MONTREAL – After the unveiling of the bronze Sculpture of the Greek Immigrant on June 30 at the corner of Jean Talon Street and Park Avenue in Montreal, with Mayor Denis Coderre present, in the enclave of Hellenism, ??Parc-Extension, the next big goal for the community is the creation of a museum dedicated to the tens of thousands of Greek immigrants who arrived in the city in search of a better life.
The Lyceum of Greek Women of Montreal is actively pursuing the idea for the museum. The organization coordinated the whole initiative for the Sculpture of the Greek Immigrant from the commissioning Greek artist Giorgos Houliaras to the placement of it, with the collaboration of the Hellenic Community of Greater Montreal and the Hellenic Congress of Quebec.
The Greek immigrant museum objective is to gather artifacts that will reflect the experience of Greeks in the city- and in the whole province of Quebec- and objects, memorabilia, photos, and documents describing the stories of expatriates and their families from their arrival in Montreal to the present day.
The establishment of the museum will require the support of the Montreal municipality, most likely through the allocation of space to house the museum.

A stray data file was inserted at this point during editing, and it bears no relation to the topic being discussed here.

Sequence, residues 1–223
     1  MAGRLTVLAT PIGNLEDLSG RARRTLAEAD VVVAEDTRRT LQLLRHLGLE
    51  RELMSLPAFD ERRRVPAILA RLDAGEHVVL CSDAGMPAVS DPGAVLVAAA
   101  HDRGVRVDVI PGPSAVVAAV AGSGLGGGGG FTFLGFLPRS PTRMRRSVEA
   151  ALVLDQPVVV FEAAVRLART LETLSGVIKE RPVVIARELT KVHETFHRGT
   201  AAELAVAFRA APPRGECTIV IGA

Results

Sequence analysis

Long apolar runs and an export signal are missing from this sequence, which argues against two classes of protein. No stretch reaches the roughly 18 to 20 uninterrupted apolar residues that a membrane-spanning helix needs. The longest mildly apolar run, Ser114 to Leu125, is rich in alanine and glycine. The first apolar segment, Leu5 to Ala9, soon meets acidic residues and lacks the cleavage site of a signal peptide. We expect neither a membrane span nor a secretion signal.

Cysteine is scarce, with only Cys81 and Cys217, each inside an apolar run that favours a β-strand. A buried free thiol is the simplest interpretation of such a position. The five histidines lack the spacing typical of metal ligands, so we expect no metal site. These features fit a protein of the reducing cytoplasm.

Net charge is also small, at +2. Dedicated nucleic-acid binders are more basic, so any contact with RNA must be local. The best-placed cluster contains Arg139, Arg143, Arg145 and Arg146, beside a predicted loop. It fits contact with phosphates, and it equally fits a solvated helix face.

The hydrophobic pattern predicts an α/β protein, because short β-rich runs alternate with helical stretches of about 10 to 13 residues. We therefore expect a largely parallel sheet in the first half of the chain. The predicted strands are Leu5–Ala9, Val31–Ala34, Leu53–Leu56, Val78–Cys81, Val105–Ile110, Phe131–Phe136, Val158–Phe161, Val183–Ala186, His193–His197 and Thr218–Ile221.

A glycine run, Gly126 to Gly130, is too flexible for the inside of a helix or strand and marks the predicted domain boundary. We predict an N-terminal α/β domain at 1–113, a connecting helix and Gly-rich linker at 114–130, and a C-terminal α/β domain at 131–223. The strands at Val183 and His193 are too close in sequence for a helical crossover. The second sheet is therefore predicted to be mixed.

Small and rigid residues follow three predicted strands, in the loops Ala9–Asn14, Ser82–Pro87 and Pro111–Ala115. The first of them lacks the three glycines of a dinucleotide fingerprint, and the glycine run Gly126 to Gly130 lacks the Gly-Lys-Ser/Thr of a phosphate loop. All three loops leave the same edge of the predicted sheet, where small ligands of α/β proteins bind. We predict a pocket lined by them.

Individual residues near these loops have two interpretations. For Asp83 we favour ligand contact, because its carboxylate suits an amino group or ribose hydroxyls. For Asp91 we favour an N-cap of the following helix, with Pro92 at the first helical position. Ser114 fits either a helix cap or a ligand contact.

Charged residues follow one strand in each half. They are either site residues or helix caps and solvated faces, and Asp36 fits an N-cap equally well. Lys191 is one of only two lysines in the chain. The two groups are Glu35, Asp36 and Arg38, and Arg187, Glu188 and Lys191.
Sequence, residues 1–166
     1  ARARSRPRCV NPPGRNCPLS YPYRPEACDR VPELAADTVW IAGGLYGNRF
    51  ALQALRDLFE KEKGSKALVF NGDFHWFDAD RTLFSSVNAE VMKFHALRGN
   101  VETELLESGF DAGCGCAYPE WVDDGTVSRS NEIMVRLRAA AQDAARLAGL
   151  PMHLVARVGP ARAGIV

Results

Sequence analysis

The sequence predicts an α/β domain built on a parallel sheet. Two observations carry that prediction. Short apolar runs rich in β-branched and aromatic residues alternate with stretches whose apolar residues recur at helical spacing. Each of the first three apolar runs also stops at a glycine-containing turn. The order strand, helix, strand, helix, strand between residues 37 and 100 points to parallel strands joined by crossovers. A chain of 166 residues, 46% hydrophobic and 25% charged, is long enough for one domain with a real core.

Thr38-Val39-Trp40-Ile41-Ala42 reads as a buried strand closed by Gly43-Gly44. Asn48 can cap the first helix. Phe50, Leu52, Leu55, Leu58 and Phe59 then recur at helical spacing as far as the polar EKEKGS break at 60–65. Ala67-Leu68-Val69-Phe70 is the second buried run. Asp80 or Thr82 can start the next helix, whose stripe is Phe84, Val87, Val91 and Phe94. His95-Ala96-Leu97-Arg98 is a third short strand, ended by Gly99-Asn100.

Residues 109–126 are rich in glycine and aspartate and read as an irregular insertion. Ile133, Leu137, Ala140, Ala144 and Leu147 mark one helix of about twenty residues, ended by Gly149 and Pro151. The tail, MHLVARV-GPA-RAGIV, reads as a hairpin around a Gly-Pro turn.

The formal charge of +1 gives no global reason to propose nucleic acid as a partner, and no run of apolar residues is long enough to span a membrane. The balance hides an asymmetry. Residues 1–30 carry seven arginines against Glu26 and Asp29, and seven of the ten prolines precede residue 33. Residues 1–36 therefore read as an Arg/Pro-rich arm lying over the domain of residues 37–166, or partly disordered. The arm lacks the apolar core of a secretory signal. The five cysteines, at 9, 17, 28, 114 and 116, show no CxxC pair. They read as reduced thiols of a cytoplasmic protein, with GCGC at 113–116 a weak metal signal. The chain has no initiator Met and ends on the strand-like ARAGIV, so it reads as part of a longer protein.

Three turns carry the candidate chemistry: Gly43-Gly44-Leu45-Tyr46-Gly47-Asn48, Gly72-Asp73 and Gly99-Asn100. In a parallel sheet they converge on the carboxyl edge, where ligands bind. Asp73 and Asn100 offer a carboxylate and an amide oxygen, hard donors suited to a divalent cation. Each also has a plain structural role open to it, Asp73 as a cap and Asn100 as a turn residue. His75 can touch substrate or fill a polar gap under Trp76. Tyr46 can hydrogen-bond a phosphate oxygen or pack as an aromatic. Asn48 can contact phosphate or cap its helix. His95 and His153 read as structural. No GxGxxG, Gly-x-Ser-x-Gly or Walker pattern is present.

In the meantime, the reaction from members of the Greek community has been overwhelmingly positive, as The National Herald discovered, for the aesthetic depiction and the location of the Sculpture of the Greek Immigrant.
“Montreal Mayor Denis Coderre was impressed with the emblematic creation that traveled from the sculptor’s workshop in Athens via Halifax to end up in Montreal to take its place in the history of the city. This was the historical journey of the Greeks of the post-war era: Embarking from the port of Piraeus to the ocean liner, arriving at the Port of Halifax and then travel by train to Montreal,” the general secretary of the Lyceum of Greek Women, journalist and author Justine Frangouli-Argyris told TNH.
President of the Lyceum of Greek Women is the Deputy Mayor of the city Mary Deros. In response to the unveiling of the sculpture, she reflected on her own memories, when she arrived with her family and half-empty suitcases at the Montreal train station (the one facing the Sculpture today) through Halifax, not knowing anyone or anything .
Deros confessed that as a young girl on the cold winter days, with the city covered by ice, she held onto railings in order to get to school without slipping. “The days were difficult and painful for all of us, but today, we are entitled to celebrate the success and integration of the Greeks into the main body of the city of Montreal,” she noted.
Meanwhile, the Sculpture of the Greek Immigrant continues to spark the interest of many expats from all over Canada and the northeastern United States, who rush to see it close up and take a photograph.
Menios Kanellopoulos, 42 years old, works in a local cafe, and told TNH the moving story of his children accompanying an elderly expatriate woman in a wheelchair who wanted to see the Sculpture of the Greek Immigrant close-up just last week.